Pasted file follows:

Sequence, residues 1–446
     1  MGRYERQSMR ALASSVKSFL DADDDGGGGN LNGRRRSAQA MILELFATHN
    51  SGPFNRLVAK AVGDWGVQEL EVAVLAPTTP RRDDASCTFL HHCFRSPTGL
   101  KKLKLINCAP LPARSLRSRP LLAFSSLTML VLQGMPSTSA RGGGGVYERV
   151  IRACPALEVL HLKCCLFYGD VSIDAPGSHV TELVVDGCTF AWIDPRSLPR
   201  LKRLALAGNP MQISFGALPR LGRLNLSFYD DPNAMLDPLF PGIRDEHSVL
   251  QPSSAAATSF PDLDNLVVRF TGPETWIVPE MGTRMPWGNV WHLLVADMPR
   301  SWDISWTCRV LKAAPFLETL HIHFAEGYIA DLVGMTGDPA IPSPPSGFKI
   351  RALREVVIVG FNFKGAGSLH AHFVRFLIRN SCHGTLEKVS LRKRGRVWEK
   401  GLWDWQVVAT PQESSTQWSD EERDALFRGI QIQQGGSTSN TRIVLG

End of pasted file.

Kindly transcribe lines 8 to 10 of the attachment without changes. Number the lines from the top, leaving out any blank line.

   301  SWDISWTCRV LKAAPFLETL HIHFAEGYIA DLVGMTGDPA IPSPPSGFKI
   351  RALREVVIVG FNFKGAGSLH AHFVRFLIRN SCHGTLEKVS LRKRGRVWEK
   401  GLWDWQVVAT PQESSTQWSD EERDALFRGI QIQQGGSTSN TRIVLG